When will a court permit amendments to a statement of claim after the expiration of a limitation period? In a recent decision by Justice Lederman, Barcham v. Barcham, the plaintiff and moving party, Lazar Barcham (“Lazar”), sought leave to amend his statement of claim, and an adjournment of the trial of Lazar’s action that was scheduled to start only a few weeks later in February 2016.
In his original statement of claim that was issued in 2012, Lazar sought a declaration that the defendants held in trust for Lazar a one-third interest in a Mississauga, Ontario property (“Mississauga Property”). Lazar alleged that the circumstances in which his interest arose were as follows: over the years, he made financial contributions to another property, which was owned by George Barcham, Lazar’s brother (“George’s Property”). Lazar claimed that after George’s death in 2009, George’s Property was sold by George’s wife and estate trustee, Almas Barcham (“Almas”), and the funds from the sale of George’s Property were used to purchase the Mississauga Property. Lazar claimed in his action that Almas accordingly became a trustee holding Lazar’s one-third interest in the Mississauga Property.
Lazar sought to amend his statement of claim on the basis that he recently discovered George’s true last will and testament, which was not the 1995 Will but rather a holograph will made in 2000. The holograph will, he alleged, left George’s entire estate to Lazar. Lazar said that George gave him a copy of the holograph will many years before, but Lazar did not look at it and simply stored it in his house. After George died, Lazar could not find the holograph will. When he started his claim in 2012 for an interest in the Mississauga Property, he did not mention the holograph will in his claim, nor did he object to the validity of the 1995 Will or to Almas’ certificate of appointment and her subsequent distribution of George’s estate to herself, including the Mississauga Property where she lived.
Lazar explained in his motion materials that he located the holograph will approximately two years after he started his claim, but he provided no explanation to the court as to how he finally discovered it.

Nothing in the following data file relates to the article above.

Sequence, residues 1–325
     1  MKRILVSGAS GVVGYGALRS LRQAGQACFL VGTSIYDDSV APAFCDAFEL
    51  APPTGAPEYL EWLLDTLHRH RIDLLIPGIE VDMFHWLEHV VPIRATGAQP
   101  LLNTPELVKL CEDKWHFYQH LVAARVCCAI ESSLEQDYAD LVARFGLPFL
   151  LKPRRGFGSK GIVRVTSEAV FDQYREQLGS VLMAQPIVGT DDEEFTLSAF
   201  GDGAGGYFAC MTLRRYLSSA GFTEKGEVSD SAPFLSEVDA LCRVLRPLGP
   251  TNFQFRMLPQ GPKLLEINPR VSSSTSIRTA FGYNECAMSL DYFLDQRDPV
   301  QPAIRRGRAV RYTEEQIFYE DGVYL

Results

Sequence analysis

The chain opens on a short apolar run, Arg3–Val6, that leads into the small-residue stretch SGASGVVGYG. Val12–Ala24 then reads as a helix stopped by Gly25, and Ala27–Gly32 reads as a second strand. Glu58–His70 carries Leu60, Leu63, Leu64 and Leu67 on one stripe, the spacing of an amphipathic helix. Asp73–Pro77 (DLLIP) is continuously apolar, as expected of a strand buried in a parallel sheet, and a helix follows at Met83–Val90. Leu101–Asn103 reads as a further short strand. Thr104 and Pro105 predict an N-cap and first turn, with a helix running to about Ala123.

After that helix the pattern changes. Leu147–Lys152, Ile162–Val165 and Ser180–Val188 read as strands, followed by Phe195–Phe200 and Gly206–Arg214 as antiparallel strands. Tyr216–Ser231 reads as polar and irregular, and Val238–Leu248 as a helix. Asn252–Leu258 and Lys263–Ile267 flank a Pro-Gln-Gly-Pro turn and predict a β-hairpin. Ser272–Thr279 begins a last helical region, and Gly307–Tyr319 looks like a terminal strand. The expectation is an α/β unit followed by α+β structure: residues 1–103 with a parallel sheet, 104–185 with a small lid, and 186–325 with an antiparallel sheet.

His Honour found that in order to succeed in a motion to amend pleadings after the expiry of the limitation period, the following evidence and analysis will be applied:
- The plaintiff must demonstrate that there is a triable issue of discoverability.
- Discoverability will be a triable issue if a plaintiff demonstrates that he exercised due diligence: i.e. the plaintiff must give a reasonable explanation on proper evidence as to why the material evidence was not obtainable with due diligence.
- If the plaintiff is unable to demonstrate the existence of a triable issue of fact or credibility relating to discoverability, the motion to amend pleadings after the expiry of a limitation period should be refused.
- Any issues of fact or credibility successfully raised by the plaintiff require evaluation on a full evidentiary record at trial, or on a motion for summary judgment. If such a trial or motion is required, then leave to amend should be granted, and the defendants should also be granted leave to plead a limitations defence.
- Even if the plaintiff fails to demonstrate that he acted with due diligence in discovering the evidence that is the subject of the amendment, the court retains a residual discretion to grant a motion to amend, provided that there is an absence of non-compensable prejudice to the opposing party.
Applying the aforementioned principles to the facts at hand, his Honour found that the amendments sought by Lazar raised a completely new cause of action based on new facts. The record did not disclose a triable issue as to whether Lazar acted with due diligence. At a minimum, his Honour found that due diligence would have required Lazar to notify the court and George’s estate trustee, Almas, that the 1995 Will may not have been George’s last will and testament. Instead, Lazar did nothing.
Although his Honour noted that the court has residual discretion to permit an amendment to pleadings, even if the plaintiff fails to establish an issue as to discoverability, his Honour found actual and potential prejudice would be suffered by the defendants if the amendments were granted. An adjournment to permit the amendments would result in further delay and increased costs, and would also expose the defendants to the risk that the previously distributed assets of the estate be required to be transferred to Lazar – including Almas’ home (the Mississauga Property).
His Honour concluded that “the possibility of the action being disposed of in such a way upends the principles of judicial certainty and finality that Ontario’s statute of limitations is designed to preserve.” Costs of $3,000.00 as previously agreed upon by the parties, were ordered payable by Lazar.
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